A currency trader gestures near the screen showing the foreign exchange rate between U.S. dollar and South Korean won at a foreign exchange dealing room in Seoul, South Korea, Friday, Sept. 24, 2021. THE CANADIAN PRESS/AP-Lee Jin-man

Tech, materials sectors help lift S&P/TSX composite higher despite energy dip

Tech, materials sectors help lift S&P/TSX composite higher despite energy dip

TORONTO — A broad-based rally led by the technology and materials sectors helped to lift Canada’s main stock index midweek even though a dip in crude oil prices pushed energy lower.

The S&P/TSX composite index closed up 181.35 points to 20,618.47.

“A pretty good day all around. We had half of the sectors were up more than one per cent today,” said Michael Currie, vice-president and investment adviser at TD Wealth.

Only energy and financials were lower.

Technology was the best of the nine sectors that posted gains, rising 2.2 per cent in Canada in sympathy with the Nasdaq, which was up more than 100 points on a mixed day in New York. Hut 8 Mining Corp. led, gaining 6.6 per cent, followed by BlackBerry Ltd. up 4.7 per cent, Lightspeed Commerce Inc. up 3.7 per cent and Shopify Inc. 2.9 per cent higher.

Materials was slightly behind, climbing just under 2.2 per cent as gold prices had their best day in about a month.

The December gold contract was up US$35.40 at US$1,794.70 an ounce and the December copper contract was up 19.1 cents at nearly US$4.52 a pound.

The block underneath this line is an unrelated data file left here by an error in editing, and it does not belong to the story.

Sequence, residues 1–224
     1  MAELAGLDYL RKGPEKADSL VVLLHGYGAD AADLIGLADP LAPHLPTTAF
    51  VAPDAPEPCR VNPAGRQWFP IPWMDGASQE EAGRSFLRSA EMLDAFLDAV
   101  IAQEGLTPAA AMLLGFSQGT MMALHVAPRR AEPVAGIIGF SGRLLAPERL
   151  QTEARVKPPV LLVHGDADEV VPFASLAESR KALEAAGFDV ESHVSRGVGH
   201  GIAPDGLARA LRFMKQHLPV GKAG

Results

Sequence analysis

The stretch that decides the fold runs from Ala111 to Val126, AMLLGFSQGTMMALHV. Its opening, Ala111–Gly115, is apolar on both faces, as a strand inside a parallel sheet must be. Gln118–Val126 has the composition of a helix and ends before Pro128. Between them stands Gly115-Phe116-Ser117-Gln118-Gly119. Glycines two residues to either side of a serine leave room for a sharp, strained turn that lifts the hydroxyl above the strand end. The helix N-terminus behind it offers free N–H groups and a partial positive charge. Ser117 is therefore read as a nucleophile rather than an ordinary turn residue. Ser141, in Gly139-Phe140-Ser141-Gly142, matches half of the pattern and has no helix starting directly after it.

Shares of Eldorado Gold rose 9.3 per cent while B2Gold Corp. gained 6.8 per cent.

The rise in gold prices came as the U.S. reported its highest inflation level in 13 years in September.

The consumer price index increased 5.4 per cent year over year, above the forecasted rate of 5.3 per cent.

Gold is considered an inflation hedge.

Energy lost 0.6 per cent as crude oil prices slipped on worries that high inflation will reduce energy demand.

“Inflation seemed to work against oil today and in favour of gold,” Currie said in an interview.

The November crude contract was down 20 cents at US$80.44 per barrel and the November natural gas contract was up 8.5 cents at US$5.59 per mmBTU.

Vermillion Energy Inc. lost 2.3 per cent, followed by Crescent Point Energy Corp. and Cenovus Energy Inc. down 1.9 and 1.8 per cent, respectively.

The Canadian dollar traded for 80.35 cents US compared with 80.25 cents US on Tuesday.

In New York, the Dow Jones industrial average was down 0.53 of a point at 34,377.81. The S&P 500 index was up 13.15 points at 4,363.80, while the Nasdaq composite was up 105.71 points at 14,571.64.

The first corporate results from the third quarter were strong, with JPMorgan Chase & Co. and BlackRock Inc. beating expectations. The U.S. bank’s shares lost 2.6 per cent while the asset manager was slightly higher on the day.

Minutes from the Federal Reserve’s last meeting and released Wednesday suggested the central bank will begin tapering its bond purchases by US$15 billion a month, likely starting in mid-November.

However, Currie said the high inflation reading could prompt a slight delay.

“Some people were expecting a bigger trim than the $15 billion, but maybe that’s an indication to people that inflation is more of a concern than the Fed wants to let on.”

This report by The Canadian Press was first published Oct. 13, 2021.


Ross Marowits, The Canadian Press


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